Posts filed under Storage

The Pen Rest by Walden Woodworkers: A Review

The Pen Rest by Walden Woodworkers

(Susan M. Pigott is a fountain pen collector, pen and paperholic, photographer, and professor. You can find more from Susan on her blog Scribalishess.)

Galen Leather sent me several wonderful pen items after I encountered problems with my six-pen case (reviewed here). One of those items was “The Pen Rest” by Walden Woodworkers.

Woodworkers Pen Rest.jpg

The Pen Rest is made out of a single piece of mahogany wood. It has an aged brass plate on the front with “Walden Woodworkers Istanbul” inscribed in it.

Brass Plate.jpg

The holder is carved with three slots for pens to rest lengthwise. I really like the design with its subtle curves and simplicity.

Curves.jpg

The Pen Holder accommodates small and medium-sized pens well. I tried it with a Platinum, Sailor 1911L, and Pilot Vanishing Point, and all the pens fit and were accessible.

Platinum and all.jpg

However, oversized pens overwhelm the holder. You can fit two comfortably, but three is definitely a crowd.

Two Oversized.jpg
Three Oversized.jpg

I definitely prefer a pen holder that allows my pens to be in a horizontal position. In vertical holders, the ink sinks to the bottom, and that can lead to hard starts. That said, detail that would make this pen rest even better is felt on the bottom to protect other surfaces.

You can purchase the Walden Woodworkers Pen Rest from Galen Leather for a very reasonable $16.00.

(Galen Leather sent me this pen rest as a gift. I did not request it for review nor did they ask me to review the product.)


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Bottom Image.jpg
Posted on January 18, 2019 and filed under Walden Woodworkers, Storage.

How I Keep Track of My Pen Collection

(Susan M. Pigott is a fountain pen collector, pen and paperholic, photographer, and professor. You can find more from Susan on her blog Scribalishess.)

When I started collecting fountain pens over five years ago, I never imagined I would own enough pens to need a system to keep track of all of them. But collecting pens is an addiction, and like any addiction, there’s always at least one more pen to buy. You start with one and wind up with one hundred.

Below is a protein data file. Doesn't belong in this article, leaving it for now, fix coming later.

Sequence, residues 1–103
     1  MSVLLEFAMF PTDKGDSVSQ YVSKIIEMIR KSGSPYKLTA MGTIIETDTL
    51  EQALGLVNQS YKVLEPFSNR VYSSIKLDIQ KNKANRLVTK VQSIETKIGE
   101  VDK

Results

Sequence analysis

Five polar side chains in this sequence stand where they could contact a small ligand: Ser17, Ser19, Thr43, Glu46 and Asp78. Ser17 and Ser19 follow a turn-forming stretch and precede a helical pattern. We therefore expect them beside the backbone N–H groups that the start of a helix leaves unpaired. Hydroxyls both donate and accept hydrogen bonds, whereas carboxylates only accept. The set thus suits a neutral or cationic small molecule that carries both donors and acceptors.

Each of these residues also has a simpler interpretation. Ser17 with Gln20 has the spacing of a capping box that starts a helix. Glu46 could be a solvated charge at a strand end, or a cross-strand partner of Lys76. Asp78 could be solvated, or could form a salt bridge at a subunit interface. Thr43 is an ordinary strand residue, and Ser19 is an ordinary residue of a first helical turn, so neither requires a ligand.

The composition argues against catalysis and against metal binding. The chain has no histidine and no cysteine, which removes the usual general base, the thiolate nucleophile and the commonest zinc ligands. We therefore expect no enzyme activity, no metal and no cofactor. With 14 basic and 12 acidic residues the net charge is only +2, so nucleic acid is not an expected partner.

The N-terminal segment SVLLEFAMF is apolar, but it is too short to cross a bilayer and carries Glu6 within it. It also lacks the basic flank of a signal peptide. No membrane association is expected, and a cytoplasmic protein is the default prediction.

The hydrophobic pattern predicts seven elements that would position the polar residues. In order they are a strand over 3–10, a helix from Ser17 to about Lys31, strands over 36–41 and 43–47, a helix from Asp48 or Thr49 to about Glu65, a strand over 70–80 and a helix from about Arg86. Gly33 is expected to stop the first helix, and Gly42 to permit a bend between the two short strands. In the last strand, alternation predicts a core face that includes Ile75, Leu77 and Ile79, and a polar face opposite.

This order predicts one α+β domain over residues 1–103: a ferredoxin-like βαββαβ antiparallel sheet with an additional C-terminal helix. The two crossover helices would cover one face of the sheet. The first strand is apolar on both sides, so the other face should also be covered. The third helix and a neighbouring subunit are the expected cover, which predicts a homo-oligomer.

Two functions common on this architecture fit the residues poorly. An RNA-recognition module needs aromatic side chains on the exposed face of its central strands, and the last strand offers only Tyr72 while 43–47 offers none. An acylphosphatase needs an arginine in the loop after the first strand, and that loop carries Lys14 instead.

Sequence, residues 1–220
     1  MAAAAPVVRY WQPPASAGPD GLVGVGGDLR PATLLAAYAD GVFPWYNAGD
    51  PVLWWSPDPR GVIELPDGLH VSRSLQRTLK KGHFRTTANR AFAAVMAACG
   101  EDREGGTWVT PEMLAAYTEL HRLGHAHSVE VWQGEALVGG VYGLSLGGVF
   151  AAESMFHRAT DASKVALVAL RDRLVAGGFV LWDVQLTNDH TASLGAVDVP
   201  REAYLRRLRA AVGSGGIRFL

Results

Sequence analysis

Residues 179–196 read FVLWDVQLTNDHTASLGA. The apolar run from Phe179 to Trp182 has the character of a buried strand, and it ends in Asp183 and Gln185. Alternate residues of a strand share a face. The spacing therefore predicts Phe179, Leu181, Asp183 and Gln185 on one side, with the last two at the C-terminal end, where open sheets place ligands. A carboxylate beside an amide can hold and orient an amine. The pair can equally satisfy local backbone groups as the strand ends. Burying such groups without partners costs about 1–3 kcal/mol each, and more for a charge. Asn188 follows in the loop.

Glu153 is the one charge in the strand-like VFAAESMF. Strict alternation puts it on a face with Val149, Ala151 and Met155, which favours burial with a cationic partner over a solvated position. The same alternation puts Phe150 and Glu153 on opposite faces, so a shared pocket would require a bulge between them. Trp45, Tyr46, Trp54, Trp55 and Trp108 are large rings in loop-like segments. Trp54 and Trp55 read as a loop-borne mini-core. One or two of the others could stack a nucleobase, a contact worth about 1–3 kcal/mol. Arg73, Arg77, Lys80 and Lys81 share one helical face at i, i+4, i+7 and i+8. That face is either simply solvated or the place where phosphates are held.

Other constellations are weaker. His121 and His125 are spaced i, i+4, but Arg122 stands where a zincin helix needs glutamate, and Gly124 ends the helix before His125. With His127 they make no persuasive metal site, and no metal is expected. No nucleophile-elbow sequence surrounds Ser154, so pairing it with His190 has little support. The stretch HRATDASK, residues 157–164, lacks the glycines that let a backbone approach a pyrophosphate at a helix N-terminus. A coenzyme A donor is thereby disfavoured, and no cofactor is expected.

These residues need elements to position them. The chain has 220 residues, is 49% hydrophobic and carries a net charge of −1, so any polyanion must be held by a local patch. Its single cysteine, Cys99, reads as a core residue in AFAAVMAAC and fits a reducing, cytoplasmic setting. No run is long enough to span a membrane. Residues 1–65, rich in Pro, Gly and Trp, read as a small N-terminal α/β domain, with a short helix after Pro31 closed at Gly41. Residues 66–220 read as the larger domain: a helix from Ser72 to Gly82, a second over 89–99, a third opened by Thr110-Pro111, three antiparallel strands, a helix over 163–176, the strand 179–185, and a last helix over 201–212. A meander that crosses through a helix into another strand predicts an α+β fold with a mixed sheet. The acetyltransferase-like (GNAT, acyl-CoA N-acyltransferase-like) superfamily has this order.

I decided that, for insurance purposes and my need for sanity, I should come up with a way to keep my collection organized. I despise Microsoft Excel, so I knew I wouldn’t want to use it. I found a database app that works on my iPad, iPhone, and Mac called TapForms.

TapForms can manage any kind of information you want: recipes, books, home inventory, research, and cats (if you’re a cat lady). And what I love most about it is I can design each database with the layout, content, fields, and photographs I want. Right now my most used database is my fountain pen collection, but I also created a database to keep track of all my poetry for my M.A. thesis, and I started one to organize my ink.

I set up my Fountain Pen Collection Database with the information I need, and the great thing is, if I want to add more fields at any point, I can. Here’s a screen grab of the form I created:

You can see what kinds of information I find useful for each pen, including the manufacturer, color, nib type, photographs, where and when I bought the pen, repair information, and information about pens I’ve sold.

Here’s a screen grab of one of my pens catalogued in the form:

I can have the database organize the pens alphabetically by manufacturer (that’s my default), but I can also categorize pens by searching any field. For example, I can get lists of all the pens I’ve sold, all the pens with fine nibs, all the pens from a particular manufacturer, etc. Below is a partial list of pens with italic nibs in my collection:

This is a terrific tool for many reasons. First, I can keep track of all my pens. Second, I have the information I need for insurance purposes, including photos of each pen, limited edition numbers, and how much I paid for each pen. Third, if I decide to sell a pen, I already have the information about it in my listing, including whether or not I have the original packaging, what I originally paid for the pen, if it’s been repaired, etc. For example, here’s the information on one of the pens I sold.

I highly recommend TapForms if you don’t already have a method for keeping track of your pen and ink collections. You can secure the database with a password, which is especially useful if you keep it on your iPad or on a computer accessible to others.